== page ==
FBAR Cryptocurrency & IRS: Is it Required to be Reported?

FBAR Cryptocurrency & IRS: Is it Required to be Reported?

Foreign Cryptocurrency & the FBAR

FBAR Cryptocurrency: The FBAR is the Foreign Bank Account Reporting form FinCEN Form 114. The form is required by U.S. Persons who have ownership or interest in a Foreign Account.  A common question we receive, is how does FBAR Cryptocurrency reporting work, and of course — Should I report my overseas cryptocurrency to the IRS? 

There has been some “guidance” on the issue, but it is ambiguous at best.

And, with the IRS taking part in the J-5 initiative, the recent Coinbase Audit, and 6173 and 6174 letters, it is important to have a strategy in place — if even if just a mental strategy — especially if you are going the non-reporting route.

Should I Report Overseas Crypto to IRS?

When it comes to cryptocurrency, we receive many questions. 

Some of the more common questions we receive about FBAR reporting overseas crypto, includes:

  • Do I report all cryptocurrency on an FBAR?
  • Do I report overseas cryptocurrency on the FBAR?
  • How do i report cryptocurrency on the FBAR?
  • What if I didn’t report cryptocurrency on the FBAR?
  • Will the IRS penalize me?
  • Can I go to jail?

Is Cryptocurrency Reported on the FBAR?

Unfortunately, at the current time, neither the IRS nor FinCEN have provided specific written guidance to rely on in order to determine whether your Bitcoin or other Cryptocurrency must be included on the FBAR. Recently, a representative from FinCEN indicated at a conference that FinCEN would not expect the reporting of Cryptocurrency at this time, but they also indicated that the law/reporting is still evolving.

Moreover, the representative did not provide anything in writing (so it cannot be easily relied upon) and did not make any distinction between holding Cryptocurrency in an account versus holding it in a personal wallet.

FBAR vs. FATCA

A distinction needs to be made between FBAR and FATCA.There are different reporting requirements between the FBAR and FATCA. Although FinCEN is responsible for drafting information regarding FBAR — ever since 2003, the IRS is responsible for enforcement. 

FBAR is used to report foreign “accounts.” FATCA is used to report specified foreign financial “assets” directly on your tax returns (Form 8938, etc.). Therefore, depending on whether your cryptocurrency is in an account or personal wallet, and depending on whether the IRS views cryptocurrency as either a foreign financial asset or just property, you may be required to file various different forms.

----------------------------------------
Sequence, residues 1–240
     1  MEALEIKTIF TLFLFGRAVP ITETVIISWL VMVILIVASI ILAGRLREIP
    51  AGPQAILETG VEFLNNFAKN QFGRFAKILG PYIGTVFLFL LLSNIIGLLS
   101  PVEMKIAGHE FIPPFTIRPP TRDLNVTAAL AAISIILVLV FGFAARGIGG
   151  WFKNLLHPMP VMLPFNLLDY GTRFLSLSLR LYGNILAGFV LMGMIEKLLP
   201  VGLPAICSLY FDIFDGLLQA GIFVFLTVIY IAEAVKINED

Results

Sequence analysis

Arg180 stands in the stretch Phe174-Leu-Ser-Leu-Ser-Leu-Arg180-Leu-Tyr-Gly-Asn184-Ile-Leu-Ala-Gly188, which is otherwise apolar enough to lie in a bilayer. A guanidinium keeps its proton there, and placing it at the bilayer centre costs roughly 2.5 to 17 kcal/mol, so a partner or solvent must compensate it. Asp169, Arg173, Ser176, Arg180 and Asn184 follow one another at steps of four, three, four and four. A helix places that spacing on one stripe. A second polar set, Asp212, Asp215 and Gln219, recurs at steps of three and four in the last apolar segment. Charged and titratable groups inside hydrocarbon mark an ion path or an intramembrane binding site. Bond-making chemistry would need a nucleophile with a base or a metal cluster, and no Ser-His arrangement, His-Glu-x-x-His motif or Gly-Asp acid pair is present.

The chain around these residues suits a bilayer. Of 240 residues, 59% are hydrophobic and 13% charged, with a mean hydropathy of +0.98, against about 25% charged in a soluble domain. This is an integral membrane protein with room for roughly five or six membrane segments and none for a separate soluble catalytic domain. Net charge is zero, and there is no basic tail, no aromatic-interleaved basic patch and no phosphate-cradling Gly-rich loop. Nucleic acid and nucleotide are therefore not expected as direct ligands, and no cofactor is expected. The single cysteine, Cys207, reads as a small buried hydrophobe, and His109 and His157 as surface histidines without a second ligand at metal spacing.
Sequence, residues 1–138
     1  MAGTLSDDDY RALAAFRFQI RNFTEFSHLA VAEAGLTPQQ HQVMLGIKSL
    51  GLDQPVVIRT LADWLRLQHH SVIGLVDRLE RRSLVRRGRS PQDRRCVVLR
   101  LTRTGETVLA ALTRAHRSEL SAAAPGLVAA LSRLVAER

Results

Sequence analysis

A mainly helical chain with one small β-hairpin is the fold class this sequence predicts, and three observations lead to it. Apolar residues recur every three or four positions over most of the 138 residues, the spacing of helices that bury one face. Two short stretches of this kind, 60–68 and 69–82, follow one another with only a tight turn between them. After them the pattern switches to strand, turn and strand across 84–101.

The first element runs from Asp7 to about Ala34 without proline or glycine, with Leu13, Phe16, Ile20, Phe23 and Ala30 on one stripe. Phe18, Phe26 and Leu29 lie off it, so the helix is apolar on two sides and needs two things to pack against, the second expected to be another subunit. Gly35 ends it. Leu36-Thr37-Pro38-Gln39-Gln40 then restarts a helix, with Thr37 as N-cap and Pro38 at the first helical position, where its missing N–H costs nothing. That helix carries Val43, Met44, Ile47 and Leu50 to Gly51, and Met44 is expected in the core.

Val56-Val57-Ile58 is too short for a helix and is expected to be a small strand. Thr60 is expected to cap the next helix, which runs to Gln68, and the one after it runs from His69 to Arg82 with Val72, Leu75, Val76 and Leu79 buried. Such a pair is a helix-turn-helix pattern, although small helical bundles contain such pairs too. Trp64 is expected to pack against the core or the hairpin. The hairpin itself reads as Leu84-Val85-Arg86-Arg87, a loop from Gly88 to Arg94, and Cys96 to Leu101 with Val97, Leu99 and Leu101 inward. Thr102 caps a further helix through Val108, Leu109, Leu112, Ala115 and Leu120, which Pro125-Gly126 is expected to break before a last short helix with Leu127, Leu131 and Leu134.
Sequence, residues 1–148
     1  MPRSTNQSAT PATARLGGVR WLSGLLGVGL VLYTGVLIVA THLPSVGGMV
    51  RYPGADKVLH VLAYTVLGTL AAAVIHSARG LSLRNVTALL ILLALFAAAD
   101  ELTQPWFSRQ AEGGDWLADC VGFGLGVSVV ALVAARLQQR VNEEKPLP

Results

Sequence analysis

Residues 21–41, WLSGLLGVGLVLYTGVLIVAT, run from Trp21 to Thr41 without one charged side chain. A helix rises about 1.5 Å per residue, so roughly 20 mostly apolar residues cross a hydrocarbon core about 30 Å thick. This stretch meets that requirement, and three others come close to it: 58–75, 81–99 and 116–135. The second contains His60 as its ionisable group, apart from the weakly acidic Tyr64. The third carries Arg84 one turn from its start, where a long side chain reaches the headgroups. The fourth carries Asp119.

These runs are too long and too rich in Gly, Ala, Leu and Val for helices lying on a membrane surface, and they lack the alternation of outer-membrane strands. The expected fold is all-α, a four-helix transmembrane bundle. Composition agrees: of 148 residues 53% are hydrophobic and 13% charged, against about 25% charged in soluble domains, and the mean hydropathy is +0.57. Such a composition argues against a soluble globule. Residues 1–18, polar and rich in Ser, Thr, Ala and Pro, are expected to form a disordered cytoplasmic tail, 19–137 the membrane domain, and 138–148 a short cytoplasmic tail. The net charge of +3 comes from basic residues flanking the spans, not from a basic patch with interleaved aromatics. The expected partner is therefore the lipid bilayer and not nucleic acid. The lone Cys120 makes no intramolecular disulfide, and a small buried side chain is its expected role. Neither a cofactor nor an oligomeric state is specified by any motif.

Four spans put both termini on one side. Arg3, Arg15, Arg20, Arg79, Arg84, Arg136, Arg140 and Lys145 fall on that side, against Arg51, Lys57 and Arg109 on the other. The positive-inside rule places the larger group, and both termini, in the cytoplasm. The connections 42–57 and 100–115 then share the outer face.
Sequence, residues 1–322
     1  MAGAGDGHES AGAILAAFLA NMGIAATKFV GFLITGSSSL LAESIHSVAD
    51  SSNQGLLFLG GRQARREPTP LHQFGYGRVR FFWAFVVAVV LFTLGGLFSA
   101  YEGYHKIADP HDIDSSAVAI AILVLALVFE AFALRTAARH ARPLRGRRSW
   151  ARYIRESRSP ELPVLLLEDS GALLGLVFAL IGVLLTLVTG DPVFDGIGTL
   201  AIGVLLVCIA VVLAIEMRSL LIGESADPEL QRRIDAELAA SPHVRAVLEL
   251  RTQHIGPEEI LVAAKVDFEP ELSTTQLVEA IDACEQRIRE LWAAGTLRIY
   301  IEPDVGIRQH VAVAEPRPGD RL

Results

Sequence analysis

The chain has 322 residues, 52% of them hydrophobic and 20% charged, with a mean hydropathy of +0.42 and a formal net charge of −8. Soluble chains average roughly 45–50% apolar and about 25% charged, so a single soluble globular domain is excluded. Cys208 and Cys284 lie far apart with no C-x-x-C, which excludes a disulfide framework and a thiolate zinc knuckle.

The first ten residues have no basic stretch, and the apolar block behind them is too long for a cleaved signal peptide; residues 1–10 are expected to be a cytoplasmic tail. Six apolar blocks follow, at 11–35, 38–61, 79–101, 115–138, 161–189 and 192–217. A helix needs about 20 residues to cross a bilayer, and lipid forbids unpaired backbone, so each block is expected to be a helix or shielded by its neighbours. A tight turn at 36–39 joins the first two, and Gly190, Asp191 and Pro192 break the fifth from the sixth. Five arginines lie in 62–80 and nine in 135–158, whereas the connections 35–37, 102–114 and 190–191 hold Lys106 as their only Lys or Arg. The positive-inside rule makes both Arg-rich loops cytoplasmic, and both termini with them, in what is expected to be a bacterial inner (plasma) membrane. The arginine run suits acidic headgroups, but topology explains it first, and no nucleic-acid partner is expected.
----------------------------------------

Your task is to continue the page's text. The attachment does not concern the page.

Unlike FBAR, FATCA is a law that was prepared by and enforced via the IRS. And, since the IRS does not view Cryptocurrency as “currency” but rather as “property,” there is concern that it should be reported as a type of Specified Foreign Asset, per FATCA. 

The FATCA wording used to describe the reporting is very ambiguous, because it is still unclear as to whether Cryptocurrency should be considered an asset that would be reported (stock) versus a typical non-reportable asset (gold).  

Our Two-Cents on the IRS, FBAR & Cryptocurrency

We receive numerous inquiries regarding this issue. And, while we truly enjoy writing articles on all areas involving international tax compliance, we are not the black letter law and cannot be relied on in preparing your own taxes. In addition, we do not represent clients outside of offshore disclosure and we do not provide guidance solely on bitcoins – only as it relates to offshore disclosure. 

Based on prior memorandums and relatable IRS information in general, here is most likely what needs to be reported (or not reported):

FBAR

Without boring you too much…a bit of history. The FBAR is a creation of FinCEN. Up until 2003, FinCEN handled the enforcement aspect of FBARs, but that shifted to the IRS in 2003. 

Therefore, it is a tough situation because while the line instructions in preparing the FBAR (aka FinCEN 114) is drafted by FinCEN — the enforcement is by the IRS. And at the current time, the IRS is going full force to investigate all issues related to Cryptocurrency. This includes the recent victory by the IRS against Coinbase.

Thus, it is safe to presume the IRS will be enforcing these types of laws against individuals. And, it may be better to err on the side of caution – especially if you have an account overseas and not just a personal wallet.

Personal Wallet

If you are a US person, but reside overseas and have a personal wallet on your home computer in which you maintain Cryptocurrency, chances are it does not need to be reported and we would not recommend reporting it at this time. It is not an account, there is no account number — and therefore simply having a personal wallet on your computer is probably not considered an “account” under FBAR reporting.

Trading Account